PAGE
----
density have a weighting assigned to them to limit further searching in
                        those areas, so if surrounding areas begin to match that weighting then
                        the old searched areas may actually be revisted - becasue their relative
                        weight/density is now lower than the surrounding areas.

                        There is the problem of how you build and maintain such a density map,
                        but I choose to put that aside for the moment and concentrate of the
                        concept rather than get bogged down in implementation. Let's assume we
                        could maintain a search density map without too much CPU and memory
                        overhead, well then couldn't we just discard the population based models
                        and speciation and revert to a simple single point search front? The
                        point would naturally move away from well searched areas as it navigates
                        away from high denisty areas on the map. In fact are population based
                        searches and techniques such as speciation just ways of approximating
                        just such a search without the overhead of maintaining a map? - which I
                        admit may be impractical to implement.

                        This does leave the loose end of recombination - how would we jump to
                        new promising search points if we just had one point to start from? Our
                        single point search wouldn't work very well if it only ever moved to
                        adjacent areas in the search space, it would take an age to move to
                        somewhere in a completely different part of the space. Whereas a
                        population based search (potentially) samples multiple points
                        distributed throughout the search space (when it isn't clustering
                        anyhow). Well we could define some mechanism for 'jumping' the single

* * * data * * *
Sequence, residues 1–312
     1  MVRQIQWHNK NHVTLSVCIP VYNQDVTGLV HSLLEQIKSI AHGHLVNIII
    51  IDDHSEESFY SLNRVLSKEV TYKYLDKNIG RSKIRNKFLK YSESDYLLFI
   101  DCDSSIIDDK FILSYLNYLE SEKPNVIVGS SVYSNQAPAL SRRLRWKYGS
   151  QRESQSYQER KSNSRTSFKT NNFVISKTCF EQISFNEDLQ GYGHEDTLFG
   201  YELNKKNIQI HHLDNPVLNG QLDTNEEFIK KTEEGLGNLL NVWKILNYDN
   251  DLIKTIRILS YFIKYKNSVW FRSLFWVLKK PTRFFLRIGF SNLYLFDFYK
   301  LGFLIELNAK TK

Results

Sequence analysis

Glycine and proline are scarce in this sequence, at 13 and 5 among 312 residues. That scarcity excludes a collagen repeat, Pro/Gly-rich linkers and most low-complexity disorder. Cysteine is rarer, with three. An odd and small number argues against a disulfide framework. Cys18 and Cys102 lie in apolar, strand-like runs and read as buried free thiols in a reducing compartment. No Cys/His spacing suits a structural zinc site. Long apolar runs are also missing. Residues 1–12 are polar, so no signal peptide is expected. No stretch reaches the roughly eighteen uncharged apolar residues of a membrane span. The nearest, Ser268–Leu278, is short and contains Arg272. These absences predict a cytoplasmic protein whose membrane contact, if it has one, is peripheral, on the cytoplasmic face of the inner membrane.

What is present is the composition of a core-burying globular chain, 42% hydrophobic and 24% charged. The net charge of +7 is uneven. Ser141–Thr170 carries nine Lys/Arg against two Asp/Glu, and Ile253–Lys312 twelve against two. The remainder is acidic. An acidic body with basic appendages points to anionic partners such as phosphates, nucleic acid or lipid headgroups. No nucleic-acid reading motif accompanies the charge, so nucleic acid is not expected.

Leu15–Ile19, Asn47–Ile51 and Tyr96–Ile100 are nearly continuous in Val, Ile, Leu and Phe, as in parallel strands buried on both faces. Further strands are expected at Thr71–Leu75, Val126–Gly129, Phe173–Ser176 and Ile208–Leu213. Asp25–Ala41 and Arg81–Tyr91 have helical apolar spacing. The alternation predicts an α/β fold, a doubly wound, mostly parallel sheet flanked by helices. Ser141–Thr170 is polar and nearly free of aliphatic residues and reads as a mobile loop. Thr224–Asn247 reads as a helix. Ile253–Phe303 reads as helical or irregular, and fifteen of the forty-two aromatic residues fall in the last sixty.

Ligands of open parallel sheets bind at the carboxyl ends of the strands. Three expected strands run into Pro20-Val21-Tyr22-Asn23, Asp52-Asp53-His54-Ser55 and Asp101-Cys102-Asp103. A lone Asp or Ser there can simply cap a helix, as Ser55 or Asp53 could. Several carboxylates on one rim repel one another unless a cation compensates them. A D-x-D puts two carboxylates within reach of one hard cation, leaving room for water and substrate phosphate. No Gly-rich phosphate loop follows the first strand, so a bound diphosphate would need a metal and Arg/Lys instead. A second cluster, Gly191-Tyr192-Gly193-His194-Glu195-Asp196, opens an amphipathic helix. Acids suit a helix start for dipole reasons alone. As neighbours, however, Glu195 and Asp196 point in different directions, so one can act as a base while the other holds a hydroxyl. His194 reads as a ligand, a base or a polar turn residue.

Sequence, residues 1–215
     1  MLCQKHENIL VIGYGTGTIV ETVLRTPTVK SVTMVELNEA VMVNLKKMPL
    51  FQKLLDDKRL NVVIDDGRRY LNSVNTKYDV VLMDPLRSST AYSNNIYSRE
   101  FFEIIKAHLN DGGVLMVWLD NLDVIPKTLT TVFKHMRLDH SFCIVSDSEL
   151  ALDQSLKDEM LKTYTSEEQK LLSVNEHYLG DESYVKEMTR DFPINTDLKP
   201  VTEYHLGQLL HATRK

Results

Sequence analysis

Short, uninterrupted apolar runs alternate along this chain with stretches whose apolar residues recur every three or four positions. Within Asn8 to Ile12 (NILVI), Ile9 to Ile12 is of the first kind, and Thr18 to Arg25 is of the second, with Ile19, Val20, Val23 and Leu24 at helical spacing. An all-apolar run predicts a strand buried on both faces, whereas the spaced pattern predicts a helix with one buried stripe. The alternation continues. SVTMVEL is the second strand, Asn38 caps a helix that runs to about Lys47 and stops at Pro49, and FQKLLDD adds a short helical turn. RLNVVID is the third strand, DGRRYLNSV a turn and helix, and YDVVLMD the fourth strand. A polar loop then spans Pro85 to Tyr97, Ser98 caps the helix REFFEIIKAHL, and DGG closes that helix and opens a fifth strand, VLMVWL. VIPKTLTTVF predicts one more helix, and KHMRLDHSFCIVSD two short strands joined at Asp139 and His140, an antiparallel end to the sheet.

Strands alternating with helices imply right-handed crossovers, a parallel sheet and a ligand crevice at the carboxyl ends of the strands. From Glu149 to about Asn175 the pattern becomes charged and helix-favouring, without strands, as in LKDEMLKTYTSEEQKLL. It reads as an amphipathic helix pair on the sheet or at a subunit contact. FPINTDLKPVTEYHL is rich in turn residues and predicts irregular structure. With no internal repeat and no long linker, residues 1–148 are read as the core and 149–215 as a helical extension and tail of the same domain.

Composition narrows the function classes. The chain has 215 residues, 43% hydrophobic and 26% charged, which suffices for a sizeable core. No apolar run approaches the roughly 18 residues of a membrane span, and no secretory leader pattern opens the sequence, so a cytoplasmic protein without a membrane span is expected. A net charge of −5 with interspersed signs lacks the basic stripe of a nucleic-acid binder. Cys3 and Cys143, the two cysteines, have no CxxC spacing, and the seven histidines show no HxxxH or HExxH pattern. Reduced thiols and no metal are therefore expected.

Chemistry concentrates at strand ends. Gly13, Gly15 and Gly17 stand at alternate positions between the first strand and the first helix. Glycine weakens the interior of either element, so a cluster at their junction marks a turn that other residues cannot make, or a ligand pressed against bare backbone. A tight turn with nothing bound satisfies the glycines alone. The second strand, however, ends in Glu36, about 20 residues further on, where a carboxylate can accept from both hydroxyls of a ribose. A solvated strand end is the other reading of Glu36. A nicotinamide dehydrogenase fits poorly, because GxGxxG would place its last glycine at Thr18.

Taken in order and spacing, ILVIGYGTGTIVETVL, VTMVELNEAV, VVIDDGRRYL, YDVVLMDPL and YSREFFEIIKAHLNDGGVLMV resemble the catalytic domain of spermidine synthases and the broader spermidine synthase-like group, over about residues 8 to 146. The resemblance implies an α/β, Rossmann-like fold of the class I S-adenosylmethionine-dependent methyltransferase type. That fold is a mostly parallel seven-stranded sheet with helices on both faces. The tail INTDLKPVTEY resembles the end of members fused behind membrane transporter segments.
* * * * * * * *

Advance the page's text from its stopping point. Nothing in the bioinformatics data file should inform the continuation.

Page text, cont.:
point around the search space, well away from previously searched areas.
                        Ian is doing something like this I think - e.g. by creating fairly
                        extreme mutants - although I could be remembering wrong there. OR we
                        could recomine previous disparate points in the historical search path,
                        OR perhaps there is a case for a hybrid approach of a population based
                        search combined with a density map - thus maintaining something
                        analagous to a gene pool, with it's associated diversity of solutions.

                        The practicalities of a denisty map are potentially a problem because
                        you have such a large area to map, but we could use a sort of limited
                        density map where the old areas in the map get removed to keep the map
                        from growing out of control - which is sort of how traditional tabu
                        search works I think. That is, if you avoid all of the recentrly
                        searched areas then you can forget about avoiding the old search areas,
                        because you are now so far away you are unlikely to find your way back.

                        Colin
                      • Ian Badcoe
                        Hi Colin, I m listening, even if nobody else is :-p I hear what you are saying, but I am not so sure about your conclusions. Personally, I think that with the
                        Message 11 of 24 , Mar 27, 2006
                          Hi Colin,

                          I'm listening, even if nobody else is :-p

                          I hear what you are saying, but I am not so sure about your conclusions.

                          Personally, I think that with the sort of "difficult" problems we
                          have advanced to these days, the corssover from the population(s) is
                          far more significant than any ability of a population to avoid local
                          minima. Because a local minimum can easily now be large enough to
                          swallow a whole population.

                          Crossover gives you parallel exploration of loosely linked parts of
                          the problem. e.g. if one is trying to evolve a "splat nerdler" then
                          crossover provides a way to combine "splat-47", "splat-48" and
                          "splat-26385" with "nerdler-A", "nerdler-B" and
                          "nerdler-XP-professional" without having to evolve all 9 combinations
                          individually.

                          OTOH we may need fully functional modularity before we can see the
                          real power of that...

                          Local minima may be less of a problem than we think,